Turmeric is related to ginger and is native to India. It’s used worldwide as a flavoring for curries and other Asian and Middle Eastern cuisines. In recent times, claims have been made that it helps pets with a number of chronic health conditions including osteoarthritis.
There are a number of active components in the herb, but the one that’s of most interest to us is curcumin, which gives turmeric its yellow color. It appears to work in humans as an anti-inflammatory agent and that means it has potential in the management of a number of diseases. There are many human clinical trials in progress to evaluate its effectiveness.
Many people share anecdotes about how their pet has improved when given turmeric, especially in the form of “golden paste” which contains turmeric, coconut oil, pepper, and water but is this backed by science? The answer is yes and no.
In one study, scientists from Kentucky found that a blend of turmeric, green tea extract, pepper, and a number of other ingredients improved spatial awareness in thirteen dogs after three months, when compared to nine similarly aged dogs that weren’t treated with the blend. This suggested the blend could be helpful in improving motivation and attention in elderly dogs.
In another study, Iranian researchers discovered that a blend of curcumin and ghee improved wound healing after dental extractions in Beagle dogs.
However, other studies suggest turmeric has no therapeutic effect at all. British scientists evaluated an extract of Indian and Javanese turmeric in the treatment of elbow arthritis in dogs. They measured the vertical force of the sore leg using a force platform and looked at how the pet parents and scientists assessed lameness and joint pain. The results were interesting. There was no difference in the vertical force of the leg between the treated and untreated dogs. Researchers felt that the treated dogs had improved but pet parents didn’t identify any statistically significant effect of the treatment.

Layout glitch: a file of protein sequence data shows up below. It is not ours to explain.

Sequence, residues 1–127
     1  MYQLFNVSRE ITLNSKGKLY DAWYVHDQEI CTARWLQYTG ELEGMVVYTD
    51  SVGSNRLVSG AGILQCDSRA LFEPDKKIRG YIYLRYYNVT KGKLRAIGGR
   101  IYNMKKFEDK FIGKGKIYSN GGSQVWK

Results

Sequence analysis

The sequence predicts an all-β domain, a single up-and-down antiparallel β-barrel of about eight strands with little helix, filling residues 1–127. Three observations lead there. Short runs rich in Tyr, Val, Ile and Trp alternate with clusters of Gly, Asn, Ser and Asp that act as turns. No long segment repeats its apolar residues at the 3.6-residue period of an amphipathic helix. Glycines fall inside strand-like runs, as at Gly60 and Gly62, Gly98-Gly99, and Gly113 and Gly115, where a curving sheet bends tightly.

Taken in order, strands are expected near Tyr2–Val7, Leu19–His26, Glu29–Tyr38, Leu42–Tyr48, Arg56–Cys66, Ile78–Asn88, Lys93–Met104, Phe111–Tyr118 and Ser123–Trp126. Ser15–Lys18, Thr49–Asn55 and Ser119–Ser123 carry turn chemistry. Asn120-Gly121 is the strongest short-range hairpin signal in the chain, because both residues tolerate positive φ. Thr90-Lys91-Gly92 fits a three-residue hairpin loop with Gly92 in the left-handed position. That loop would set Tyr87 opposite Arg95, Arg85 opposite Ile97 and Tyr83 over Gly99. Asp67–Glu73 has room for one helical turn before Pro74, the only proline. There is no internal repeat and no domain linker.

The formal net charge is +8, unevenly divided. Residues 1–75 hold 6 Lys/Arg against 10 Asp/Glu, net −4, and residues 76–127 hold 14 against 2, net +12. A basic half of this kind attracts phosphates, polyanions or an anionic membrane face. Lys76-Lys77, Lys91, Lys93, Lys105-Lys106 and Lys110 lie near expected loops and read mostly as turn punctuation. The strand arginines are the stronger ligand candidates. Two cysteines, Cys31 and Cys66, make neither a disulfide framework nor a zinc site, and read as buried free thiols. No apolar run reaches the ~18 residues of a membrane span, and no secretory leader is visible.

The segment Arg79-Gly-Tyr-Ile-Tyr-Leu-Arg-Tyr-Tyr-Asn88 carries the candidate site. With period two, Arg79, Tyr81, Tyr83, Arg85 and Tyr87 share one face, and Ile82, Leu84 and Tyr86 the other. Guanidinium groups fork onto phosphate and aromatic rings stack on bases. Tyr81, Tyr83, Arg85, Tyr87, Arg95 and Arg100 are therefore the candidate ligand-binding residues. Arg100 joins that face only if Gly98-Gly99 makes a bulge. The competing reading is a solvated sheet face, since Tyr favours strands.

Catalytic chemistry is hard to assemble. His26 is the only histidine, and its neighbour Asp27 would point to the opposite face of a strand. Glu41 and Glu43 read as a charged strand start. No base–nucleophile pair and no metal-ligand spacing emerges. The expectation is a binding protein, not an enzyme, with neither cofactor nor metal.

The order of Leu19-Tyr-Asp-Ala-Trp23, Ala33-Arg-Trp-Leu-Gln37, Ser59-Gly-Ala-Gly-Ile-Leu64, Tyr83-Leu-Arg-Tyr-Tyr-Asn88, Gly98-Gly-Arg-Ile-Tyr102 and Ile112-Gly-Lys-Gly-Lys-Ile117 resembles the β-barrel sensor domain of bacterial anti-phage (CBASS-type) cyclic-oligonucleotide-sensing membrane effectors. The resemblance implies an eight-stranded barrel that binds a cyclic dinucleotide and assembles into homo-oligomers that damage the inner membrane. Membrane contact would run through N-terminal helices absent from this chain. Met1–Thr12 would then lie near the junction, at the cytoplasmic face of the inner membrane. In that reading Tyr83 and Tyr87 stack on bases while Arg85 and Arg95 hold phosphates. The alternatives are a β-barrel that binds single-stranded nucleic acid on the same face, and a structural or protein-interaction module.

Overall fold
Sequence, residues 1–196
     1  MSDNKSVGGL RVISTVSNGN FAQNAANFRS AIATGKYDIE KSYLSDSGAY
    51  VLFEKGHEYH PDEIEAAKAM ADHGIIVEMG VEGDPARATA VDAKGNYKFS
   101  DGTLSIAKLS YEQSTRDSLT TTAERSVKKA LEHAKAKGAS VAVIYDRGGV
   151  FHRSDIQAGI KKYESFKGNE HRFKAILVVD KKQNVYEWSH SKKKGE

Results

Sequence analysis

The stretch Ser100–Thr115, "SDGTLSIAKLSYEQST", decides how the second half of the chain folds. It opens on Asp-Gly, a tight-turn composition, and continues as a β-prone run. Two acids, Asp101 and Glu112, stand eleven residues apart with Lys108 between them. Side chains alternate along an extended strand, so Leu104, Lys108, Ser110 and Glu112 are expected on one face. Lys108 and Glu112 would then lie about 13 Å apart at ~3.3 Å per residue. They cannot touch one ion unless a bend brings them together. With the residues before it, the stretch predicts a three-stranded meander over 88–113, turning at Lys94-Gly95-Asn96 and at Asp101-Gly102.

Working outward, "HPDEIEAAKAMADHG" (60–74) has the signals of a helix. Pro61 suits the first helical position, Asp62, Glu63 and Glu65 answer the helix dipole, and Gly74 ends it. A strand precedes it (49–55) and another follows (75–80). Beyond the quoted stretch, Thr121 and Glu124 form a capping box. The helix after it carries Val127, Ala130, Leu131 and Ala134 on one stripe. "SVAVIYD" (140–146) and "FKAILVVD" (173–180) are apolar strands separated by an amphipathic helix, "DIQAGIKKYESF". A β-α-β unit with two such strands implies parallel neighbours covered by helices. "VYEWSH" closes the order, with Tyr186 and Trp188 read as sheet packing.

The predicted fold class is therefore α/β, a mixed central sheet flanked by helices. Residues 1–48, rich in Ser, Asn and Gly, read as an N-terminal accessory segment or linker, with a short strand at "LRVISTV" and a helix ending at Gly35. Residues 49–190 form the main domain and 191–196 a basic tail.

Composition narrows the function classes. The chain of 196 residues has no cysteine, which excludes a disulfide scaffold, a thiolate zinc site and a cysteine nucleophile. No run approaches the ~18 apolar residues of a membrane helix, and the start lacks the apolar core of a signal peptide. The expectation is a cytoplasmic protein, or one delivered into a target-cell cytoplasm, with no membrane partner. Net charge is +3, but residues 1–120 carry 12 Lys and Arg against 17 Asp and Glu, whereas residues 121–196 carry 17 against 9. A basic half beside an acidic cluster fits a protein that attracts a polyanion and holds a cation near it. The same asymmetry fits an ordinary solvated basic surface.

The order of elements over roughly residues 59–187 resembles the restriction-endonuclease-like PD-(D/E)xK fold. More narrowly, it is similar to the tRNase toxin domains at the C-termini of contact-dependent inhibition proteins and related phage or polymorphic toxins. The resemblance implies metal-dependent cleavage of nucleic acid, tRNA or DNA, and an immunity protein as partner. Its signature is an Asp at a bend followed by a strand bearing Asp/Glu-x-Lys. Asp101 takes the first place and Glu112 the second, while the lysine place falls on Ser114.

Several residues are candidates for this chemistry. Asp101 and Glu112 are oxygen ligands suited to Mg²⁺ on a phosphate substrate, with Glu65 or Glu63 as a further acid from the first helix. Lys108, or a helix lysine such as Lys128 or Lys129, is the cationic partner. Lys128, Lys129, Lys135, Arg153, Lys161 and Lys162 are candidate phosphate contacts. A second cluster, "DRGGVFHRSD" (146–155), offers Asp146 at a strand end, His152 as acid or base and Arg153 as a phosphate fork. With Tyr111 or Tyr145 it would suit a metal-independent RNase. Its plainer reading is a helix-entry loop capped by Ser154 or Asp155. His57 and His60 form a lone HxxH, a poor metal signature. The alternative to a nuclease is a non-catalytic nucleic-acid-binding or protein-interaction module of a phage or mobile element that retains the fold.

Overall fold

This makes it hard for pet parents to know whether they should give their four-legged companion turmeric. There are no studies into how much turmeric to give a pet, or how long it takes to be excreted from their body.
Generally, there’s no harm in trying turmeric on your pet, but there are suggestions that it could interact with blood thinning medication and may also cause gastrointestinal upset. It can also be poorly absorbed from the gastrointestinal tract. Other than that, side effects are rare. Pepper is thought to improve absorption, so adding that to the turmeric may be useful.
If you share your life with a cat, you may find that they’re less than impressed with the flavor of turmeric and won’t eat it. Dogs usually don’t mind it if it’s added to their dinner. Because it’s such a safe herb, there’s unlikely to be any harm in giving it to your pet to see if they respond to it. When the results of the clinical trials in people are completed, we’ll have more information on how the herb may help; this information might be useful to those who study pet health.
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